Surfing is now king in the area, taking over from to the old days of farming.  Fishing still also reigns and fresh fish is available most days at the pier. Don’t ask what time though – when the fisherman come.  That’s what time.

    Slow Down in Malpais Costa Rica

    Cabo Blanco Nature Reserve

    In Santa Teresa shops and restaurants, hostels and a few hotels cater to the twenty-something surfing crowd.  Young kids outnumber us fabulous fifties 100 to one.  I can’t help wonder where are these kids all from and how do they sustain this lifestyle?

    Slow Down in Malpais Costa Rica

    Tide pools

    There is a long sandy beach at Santa Teresa (where most the surfing takes place) but in Malpais the beach is mostly of unique rock formations pocked with deep holes where both fish and humans soak the day away in the bathtub-like water.  Well, until the tide comes in and covers these pools until the next day.

    Slow Down in Malpais Costa Rica

    Tide pool

    No watch needed, your day consists of morning yoga, noon tide pools, dinner following the sunset.  Does anybody really know what time it is? Does anybody really care?

    What do you do if you aren’t a surfer in Malpais?  Relax. Read. Soak in the pools.  Yoga at sunrise and drink gin and tonic at sunset.

    Slow Down in Malpais Costa Rica

    Howler Monkey

    Monkey watching is another favorite pastime.  Howler Monkeys are abundant (and loud) and a family of ten visit our Airbnb often.  White faced monkeys (smaller and squeaky) also make their home in the trees around the area.  There are butterflies and birds galore.  There are iguanas and many other lizards.  A fascinating collection of nature, including wild horses, pass through our little paradise.

    Slow Down in Malpais Costa Rica

    Moctezuma waterfall

    Paddle Boarding

    Fresh catch

    You can hike about 3 miles from Malpais to the Cabo Blanco Nature Reserve and beach.  Or rent an ATV and go to Moctezuma on the other side of the Nicoya Peninsula and make a visit to the Moctezuma waterfall (a past Sport Illustrated Swimsuit Edition shoot location). Its’ a lot of fun to rent stand up paddle boards and have a fun day out on the water.  Maybe consider a guided beach horse back ride, ziplining or go charter fishing.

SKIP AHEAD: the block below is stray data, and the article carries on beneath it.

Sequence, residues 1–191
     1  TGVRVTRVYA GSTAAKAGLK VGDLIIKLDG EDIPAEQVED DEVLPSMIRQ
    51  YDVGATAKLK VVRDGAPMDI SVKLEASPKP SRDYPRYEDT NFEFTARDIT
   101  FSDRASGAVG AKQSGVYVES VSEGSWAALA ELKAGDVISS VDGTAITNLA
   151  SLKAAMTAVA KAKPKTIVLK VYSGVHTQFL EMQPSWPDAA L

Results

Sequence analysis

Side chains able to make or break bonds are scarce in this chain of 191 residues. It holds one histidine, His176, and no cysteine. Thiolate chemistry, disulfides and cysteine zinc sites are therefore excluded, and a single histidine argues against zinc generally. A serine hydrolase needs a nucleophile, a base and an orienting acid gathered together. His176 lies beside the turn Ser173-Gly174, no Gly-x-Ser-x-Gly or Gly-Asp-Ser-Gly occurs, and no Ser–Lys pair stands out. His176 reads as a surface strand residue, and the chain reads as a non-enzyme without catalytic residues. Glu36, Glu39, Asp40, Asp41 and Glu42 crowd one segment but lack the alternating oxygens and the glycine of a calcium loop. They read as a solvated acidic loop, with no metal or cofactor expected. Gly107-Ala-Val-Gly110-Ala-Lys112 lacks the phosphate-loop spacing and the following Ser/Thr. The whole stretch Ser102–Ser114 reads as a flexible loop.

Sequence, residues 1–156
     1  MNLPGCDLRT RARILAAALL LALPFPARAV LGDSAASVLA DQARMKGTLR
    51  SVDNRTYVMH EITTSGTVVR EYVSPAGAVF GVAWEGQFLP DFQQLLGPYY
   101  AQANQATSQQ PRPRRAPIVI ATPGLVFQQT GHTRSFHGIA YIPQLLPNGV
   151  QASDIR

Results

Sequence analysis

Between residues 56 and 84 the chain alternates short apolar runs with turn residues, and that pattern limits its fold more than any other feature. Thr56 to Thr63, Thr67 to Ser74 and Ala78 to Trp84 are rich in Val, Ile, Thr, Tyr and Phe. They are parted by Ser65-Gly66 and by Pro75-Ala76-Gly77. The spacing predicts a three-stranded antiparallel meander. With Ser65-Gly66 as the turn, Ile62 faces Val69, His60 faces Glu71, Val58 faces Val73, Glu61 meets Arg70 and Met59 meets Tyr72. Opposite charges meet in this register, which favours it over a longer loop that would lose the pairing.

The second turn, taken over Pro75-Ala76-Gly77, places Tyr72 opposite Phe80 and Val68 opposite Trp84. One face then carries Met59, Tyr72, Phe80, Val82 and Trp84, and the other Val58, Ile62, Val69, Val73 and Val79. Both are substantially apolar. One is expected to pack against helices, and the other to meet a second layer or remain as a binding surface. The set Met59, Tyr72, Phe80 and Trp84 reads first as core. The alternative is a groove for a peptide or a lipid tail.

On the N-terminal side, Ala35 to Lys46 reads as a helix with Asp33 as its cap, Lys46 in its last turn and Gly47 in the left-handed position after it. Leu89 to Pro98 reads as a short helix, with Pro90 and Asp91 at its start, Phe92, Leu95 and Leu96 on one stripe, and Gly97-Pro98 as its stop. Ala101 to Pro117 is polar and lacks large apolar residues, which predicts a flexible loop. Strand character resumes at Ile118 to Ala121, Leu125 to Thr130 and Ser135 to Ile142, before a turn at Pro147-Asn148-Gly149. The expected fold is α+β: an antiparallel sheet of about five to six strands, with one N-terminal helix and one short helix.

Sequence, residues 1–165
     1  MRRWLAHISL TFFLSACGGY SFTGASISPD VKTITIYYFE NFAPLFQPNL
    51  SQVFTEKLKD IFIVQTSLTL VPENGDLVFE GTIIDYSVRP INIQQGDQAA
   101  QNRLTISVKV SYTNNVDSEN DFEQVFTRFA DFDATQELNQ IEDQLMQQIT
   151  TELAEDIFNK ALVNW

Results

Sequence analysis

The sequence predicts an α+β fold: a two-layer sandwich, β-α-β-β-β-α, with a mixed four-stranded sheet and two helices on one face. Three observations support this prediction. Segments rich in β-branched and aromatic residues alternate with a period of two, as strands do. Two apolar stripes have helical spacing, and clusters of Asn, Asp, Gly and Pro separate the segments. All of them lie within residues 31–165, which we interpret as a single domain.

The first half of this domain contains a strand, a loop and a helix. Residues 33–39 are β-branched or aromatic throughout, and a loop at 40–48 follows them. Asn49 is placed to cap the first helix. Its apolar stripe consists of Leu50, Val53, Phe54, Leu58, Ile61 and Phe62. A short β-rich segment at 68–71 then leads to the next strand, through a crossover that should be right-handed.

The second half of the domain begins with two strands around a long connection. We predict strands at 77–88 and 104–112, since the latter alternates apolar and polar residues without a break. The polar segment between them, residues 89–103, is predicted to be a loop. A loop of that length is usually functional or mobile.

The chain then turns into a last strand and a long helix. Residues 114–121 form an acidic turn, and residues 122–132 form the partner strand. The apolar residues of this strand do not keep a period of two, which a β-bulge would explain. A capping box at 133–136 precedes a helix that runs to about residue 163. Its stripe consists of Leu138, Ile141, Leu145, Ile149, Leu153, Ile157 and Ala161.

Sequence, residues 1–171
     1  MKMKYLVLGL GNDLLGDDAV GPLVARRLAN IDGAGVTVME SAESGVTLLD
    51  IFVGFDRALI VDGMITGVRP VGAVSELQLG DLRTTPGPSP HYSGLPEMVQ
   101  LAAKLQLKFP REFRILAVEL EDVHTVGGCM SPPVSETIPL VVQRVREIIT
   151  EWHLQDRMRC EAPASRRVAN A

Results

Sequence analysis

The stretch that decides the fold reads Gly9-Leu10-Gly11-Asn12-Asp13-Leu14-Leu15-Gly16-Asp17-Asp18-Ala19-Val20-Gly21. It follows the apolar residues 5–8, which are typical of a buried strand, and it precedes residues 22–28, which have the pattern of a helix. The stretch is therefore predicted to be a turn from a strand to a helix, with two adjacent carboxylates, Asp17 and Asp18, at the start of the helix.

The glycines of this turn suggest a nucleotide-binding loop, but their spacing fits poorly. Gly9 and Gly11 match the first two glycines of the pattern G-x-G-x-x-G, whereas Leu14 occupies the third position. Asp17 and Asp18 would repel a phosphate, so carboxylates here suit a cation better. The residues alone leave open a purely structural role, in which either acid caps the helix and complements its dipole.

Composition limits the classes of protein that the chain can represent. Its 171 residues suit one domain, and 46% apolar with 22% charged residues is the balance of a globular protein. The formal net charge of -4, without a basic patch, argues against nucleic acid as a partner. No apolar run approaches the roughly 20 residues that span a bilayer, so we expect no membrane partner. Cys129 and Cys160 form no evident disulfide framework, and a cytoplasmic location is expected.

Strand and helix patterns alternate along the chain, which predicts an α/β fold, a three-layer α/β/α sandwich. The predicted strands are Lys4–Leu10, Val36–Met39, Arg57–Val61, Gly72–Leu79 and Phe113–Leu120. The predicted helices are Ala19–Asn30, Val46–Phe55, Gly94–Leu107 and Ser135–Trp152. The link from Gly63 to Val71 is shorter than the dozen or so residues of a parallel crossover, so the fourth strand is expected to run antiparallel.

Or you can do nothing at all.  Just slow down in Malpais Costa Rica.  And that’s alright with me.

    Fabuloso!

     

     

     

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    Reading Wednesday

    Book Review The Radium Girls: The Dark Story of America’s Shining Women by Kate Moore

    Reading Wednesday

    Location: Reading Wednesday

    This is the incredible true story of the dawn of the age of radiation, a time where radium was considered a wonder drug.  And the untold hundreds of women who suffered.

    When the Curries discover the new radium element headlines around the world touted it as a beauty product, a health tonic and the bright new shiny life elixir of the 20th century.

    It was also the perfect element to illuminate clocks and dials and during WWI it was a boom industry in which thousands of women worked hand painting with the glowing dust paint in the radium dial factories.

    The painting process included putting the paint brush into your mouth, to tip it, before putting the paint on the dials.  The process continued for years, decades in fact, slowly poisoning those in the industry and the people around them.

    This fascinating book is the story of the brave women who fought to the bitter end for worker’s  rights and compensation, for US recognition of the radium poisoning and for new laws and protections against the former “wonder element”.